RIO DE JANEIRO (Reuters) - The empty seats visible at some stadiums in the World Cup’s opening 14 matches are due to fans who have bought tickets but have not turned up for the games rather than corporate clients not using them, FIFA said on Tuesday.
FIFA’s official figures show that 701,710 of the 716,176 seats available in the opening games have been filled, meaning that 98 per cent of all seats have been used in the games so far.
Only one match - Sunday’s Group F opener between Argentina and Bosnia at the Maracana - has produced a capacity of 100 percent with all 74,738 seats sold and used.
The lowest percentage attendance, was that for the third match of the tournament, the Group B classic between the Netherlands and world champions Spain in Salvador which the Dutch won 5-1.
Only 48,173 of the 51,900 available seats were used - producing the lowest percentage attendance of any of the games so far of 92.8 per cent.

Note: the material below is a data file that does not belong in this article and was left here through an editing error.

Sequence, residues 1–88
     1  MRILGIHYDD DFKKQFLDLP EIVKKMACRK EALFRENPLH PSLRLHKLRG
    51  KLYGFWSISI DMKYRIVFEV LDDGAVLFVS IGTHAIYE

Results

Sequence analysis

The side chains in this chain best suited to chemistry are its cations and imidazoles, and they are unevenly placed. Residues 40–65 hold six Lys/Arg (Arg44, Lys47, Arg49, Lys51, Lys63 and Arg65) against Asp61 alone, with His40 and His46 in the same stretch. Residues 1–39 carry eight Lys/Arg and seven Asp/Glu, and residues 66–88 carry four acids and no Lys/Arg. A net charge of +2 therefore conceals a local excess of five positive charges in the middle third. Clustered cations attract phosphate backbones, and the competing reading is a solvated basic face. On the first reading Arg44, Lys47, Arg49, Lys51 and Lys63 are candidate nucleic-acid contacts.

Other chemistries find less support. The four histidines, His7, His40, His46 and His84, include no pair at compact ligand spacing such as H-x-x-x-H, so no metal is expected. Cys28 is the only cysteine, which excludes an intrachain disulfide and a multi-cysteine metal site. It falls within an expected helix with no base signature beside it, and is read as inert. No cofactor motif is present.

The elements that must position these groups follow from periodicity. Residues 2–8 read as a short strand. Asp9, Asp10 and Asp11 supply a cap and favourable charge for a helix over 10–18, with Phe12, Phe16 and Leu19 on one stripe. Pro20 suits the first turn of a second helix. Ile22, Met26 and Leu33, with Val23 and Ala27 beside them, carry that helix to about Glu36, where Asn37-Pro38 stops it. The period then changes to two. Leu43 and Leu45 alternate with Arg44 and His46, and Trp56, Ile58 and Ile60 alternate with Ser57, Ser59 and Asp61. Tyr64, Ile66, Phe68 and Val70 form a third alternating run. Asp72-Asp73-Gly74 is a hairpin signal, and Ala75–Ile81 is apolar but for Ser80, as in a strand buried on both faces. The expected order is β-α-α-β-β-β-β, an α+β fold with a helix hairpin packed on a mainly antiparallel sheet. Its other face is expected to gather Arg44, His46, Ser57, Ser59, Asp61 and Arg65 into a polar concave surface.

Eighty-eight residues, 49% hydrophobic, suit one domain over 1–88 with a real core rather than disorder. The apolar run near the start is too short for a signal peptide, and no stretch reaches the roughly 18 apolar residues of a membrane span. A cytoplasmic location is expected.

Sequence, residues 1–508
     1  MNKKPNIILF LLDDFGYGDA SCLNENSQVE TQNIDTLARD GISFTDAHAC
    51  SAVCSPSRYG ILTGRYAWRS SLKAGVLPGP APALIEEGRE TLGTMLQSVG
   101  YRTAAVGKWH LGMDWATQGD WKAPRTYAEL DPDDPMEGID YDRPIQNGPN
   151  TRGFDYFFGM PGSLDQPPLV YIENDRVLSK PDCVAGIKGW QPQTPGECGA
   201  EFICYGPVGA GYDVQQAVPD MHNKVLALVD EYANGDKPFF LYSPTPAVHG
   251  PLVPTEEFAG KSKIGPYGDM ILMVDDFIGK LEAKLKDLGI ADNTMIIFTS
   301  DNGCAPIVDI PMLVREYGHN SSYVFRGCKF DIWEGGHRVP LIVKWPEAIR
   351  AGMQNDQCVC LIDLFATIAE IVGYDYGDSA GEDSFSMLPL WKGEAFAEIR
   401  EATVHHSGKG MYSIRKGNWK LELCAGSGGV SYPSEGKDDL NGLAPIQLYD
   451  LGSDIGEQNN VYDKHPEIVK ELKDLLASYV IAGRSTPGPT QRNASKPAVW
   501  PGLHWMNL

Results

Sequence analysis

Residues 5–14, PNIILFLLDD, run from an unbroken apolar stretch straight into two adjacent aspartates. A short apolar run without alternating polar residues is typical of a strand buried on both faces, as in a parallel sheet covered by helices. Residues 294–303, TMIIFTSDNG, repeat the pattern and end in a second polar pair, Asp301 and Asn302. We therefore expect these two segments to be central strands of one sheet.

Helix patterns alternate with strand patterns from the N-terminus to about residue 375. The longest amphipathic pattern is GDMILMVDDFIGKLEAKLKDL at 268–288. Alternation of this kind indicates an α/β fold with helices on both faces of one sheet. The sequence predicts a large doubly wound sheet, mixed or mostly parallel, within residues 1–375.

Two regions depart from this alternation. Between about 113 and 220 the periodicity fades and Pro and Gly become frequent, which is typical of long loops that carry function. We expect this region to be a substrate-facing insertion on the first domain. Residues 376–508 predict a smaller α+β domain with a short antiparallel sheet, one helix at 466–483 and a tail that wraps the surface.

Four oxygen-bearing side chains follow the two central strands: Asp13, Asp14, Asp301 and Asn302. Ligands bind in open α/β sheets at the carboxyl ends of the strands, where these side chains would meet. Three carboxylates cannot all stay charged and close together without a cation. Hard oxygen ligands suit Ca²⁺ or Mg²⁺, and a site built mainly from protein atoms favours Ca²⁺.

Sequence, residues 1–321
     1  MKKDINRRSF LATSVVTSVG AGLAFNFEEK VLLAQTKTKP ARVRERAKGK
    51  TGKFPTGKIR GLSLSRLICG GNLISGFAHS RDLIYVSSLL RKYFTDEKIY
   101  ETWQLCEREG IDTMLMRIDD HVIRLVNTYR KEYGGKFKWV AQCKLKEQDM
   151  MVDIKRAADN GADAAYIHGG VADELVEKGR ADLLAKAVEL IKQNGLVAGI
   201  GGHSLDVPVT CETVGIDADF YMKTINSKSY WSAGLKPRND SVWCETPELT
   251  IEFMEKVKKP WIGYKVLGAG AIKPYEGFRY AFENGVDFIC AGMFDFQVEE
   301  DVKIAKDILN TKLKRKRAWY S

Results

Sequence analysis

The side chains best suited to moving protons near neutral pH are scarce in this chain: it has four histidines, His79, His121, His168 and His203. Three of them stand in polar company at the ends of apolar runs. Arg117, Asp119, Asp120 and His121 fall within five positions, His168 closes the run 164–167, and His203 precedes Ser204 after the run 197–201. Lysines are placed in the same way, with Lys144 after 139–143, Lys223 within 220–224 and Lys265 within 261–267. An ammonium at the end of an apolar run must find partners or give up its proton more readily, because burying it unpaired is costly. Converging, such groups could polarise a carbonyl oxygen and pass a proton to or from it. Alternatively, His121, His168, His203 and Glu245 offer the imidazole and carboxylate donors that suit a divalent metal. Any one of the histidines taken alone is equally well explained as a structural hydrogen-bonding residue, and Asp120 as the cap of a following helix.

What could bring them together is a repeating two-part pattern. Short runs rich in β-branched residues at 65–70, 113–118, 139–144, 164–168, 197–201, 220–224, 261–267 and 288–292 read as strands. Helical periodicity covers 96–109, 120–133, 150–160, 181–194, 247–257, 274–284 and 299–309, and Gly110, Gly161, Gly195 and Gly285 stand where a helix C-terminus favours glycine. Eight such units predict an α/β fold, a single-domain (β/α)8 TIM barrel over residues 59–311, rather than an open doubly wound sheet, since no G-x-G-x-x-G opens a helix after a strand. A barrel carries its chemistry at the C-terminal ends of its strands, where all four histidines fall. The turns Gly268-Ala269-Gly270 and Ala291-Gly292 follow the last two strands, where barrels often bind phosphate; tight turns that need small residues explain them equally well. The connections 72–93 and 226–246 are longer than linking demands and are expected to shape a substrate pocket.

“These seats are not empty because corporate people are failing to turn up for them,” FIFA spokesperson Delia Fischer told reporters.
”They are empty, because for whatever reason, fans who bought tickets are not turning up for the matches.
“FIFA has done a great deal of work to ensure that there are not rows of empty seats taken and not used by corporate clients and you will not see that at this World Cup, but we cannot legislate for people not coming to games despite buying tickets.”
As well as the Argentina v Bosnia game producing a 100 per cent capacity figure, three other matches had attendances of over 99 per cent of the stadium’s capacity.
Monday evening’s attendance at the United States v Ghana match was 39,760, representing 99.5 per cent of the capacity at the Dunas arena in Natal.
The attendance for the opening match between Brazil and Croatia on Thursday was 62,103, representing 99.3 per cent of the Corinthians arena’s capacity, while the France v Honduras game at Porto Alegre’s Beira Rio stadium was 43,012, representing 99.1 per cent of the capacity.
Editing by Ed Osmond